Amazingly this same survival trait of our whole ‘selves’ processing and re processing reality, chewing it and turning it over until we are able to digest what we experience without altering our core ‘selves’ too drastically from the survival mode the majority of us humans live within, is the self-same reason that good people fail to make good decisions, that successful business people make drastic mistakes ‘on purpose’, that good teachers and counsellors can ‘get it wrong’ and that all the hard work in the world can still lead no ‘where’.

Our focus on ‘success’ and getting ‘somewhere’ is not just the source of all of our suffering. It is also the source of our failure.

In our desperate attempt to ‘do well’ and ‘be successful’ in whatever mode of life we choose we lock down our ‘selves’ from the amazingly complex beings we are as children, able to absorb and correlate reality to the ‘solid-state’ partially blind adults that we become.

We voluntarily throw off the freedom of open-eyed wonder shouldering instead the yoke of a self made reality, deciding at the same tike as individuals to hold onto a ‘self’ that does not exist in any real terms outside of our own collaborating constituent parts.

In essence we ‘believe’ in a fantasy of a ‘self’ that separates us from everyone else that is no more a single being than a beehive or termite colony. This ‘self’ then needs to be defended at all costs, with fantasies of ‘greater beings’ that ‘created’ us to resemble ‘themself’. This defense of our fantastical individual ‘soul’ is necessary to continue the fantasy that is ‘humankind’.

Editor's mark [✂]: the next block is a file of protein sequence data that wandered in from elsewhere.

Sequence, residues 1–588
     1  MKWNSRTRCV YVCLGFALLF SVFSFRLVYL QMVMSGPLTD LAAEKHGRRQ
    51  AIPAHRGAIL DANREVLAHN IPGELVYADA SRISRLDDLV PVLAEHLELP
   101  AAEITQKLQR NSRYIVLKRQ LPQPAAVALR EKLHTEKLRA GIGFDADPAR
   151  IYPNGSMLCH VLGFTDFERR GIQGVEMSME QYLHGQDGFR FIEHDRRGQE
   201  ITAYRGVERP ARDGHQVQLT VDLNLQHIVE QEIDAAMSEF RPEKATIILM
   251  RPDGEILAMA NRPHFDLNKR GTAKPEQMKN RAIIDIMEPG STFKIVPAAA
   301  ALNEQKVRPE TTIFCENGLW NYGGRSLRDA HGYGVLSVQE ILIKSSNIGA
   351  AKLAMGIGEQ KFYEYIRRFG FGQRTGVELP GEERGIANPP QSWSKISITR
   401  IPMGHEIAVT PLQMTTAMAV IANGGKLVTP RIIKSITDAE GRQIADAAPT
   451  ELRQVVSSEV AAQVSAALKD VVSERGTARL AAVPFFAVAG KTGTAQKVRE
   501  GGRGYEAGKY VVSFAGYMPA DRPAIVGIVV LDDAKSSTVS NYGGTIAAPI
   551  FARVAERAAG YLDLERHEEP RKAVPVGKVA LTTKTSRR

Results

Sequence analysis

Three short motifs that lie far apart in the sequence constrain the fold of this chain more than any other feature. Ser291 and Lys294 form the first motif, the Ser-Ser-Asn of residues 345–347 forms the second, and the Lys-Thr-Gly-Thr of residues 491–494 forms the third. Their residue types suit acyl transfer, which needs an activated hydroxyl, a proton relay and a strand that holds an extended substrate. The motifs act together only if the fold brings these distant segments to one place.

In reality, we are unique because any grouping of thousands or even millions of constituent parts will come together as a recognisable yet ‘unique’ whole. All ant hills are recognisable as anthills, with similar constituent parts, yet all anthills are unique (‘individual’).

Therefore we could say that an anthill or behive is as much a single being, an ‘individual’ or ‘self’, with the same right to mutual respect, love, empathy, compassion as any human being.

We may never be able to ‘rise’ above or out of our own subconscious-driven fear of change.

We may never be able to evolve psychologically to the point where we can separate our view of our ‘selves’ from the ‘reality’ we live and die within.

Yet maybe we can recognise that our so called ‘selves’, which we wilfully build and defend with every ounce of our strength, are no more special or unique in existence on this earth than each ant hill or beehive.

As such we should treat all living wholes, from the smallest insect colony onwards, as equals to humans instead of treating them as second class citizens of the world we inhabit.

Until we recognise the truth that we are fantasies of our own making we will continue to destroy the world we inhabit with our arrogant gorging.

Our ‘selves’ are no more special than plants in a garden and in fact are a lot less useful to the planet we inhabit.

At least the plants in our gardens clean the air and refresh the soil, feed the insects, support the cycle of life.

Compared to plants, humans are no better than a leach on this earth.

To stop being a disease we need to wake up and realise that all life is at least as special, if not more so, then ourselves.

Until then, our future as a race of ‘individuals’ is a guaranteed dead end.

Happy trails! 🙂